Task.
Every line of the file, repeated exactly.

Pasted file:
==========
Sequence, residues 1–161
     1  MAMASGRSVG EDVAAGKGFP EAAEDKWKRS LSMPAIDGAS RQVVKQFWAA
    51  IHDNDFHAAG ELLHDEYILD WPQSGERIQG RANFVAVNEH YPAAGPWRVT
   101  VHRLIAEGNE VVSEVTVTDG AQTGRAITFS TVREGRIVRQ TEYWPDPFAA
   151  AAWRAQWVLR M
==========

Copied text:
Sequence, residues 1–161
     1  MAMASGRSVG EDVAAGKGFP EAAEDKWKRS LSMPAIDGAS RQVVKQFWAA
    51  IHDNDFHAAG ELLHDEYILD WPQSGERIQG RANFVAVNEH YPAAGPWRVT
   101  VHRLIAEGNE VVSEVTVTDG AQTGRAITFS TVREGRIVRQ TEYWPDPFAA
   151  AAWRAQWVLR M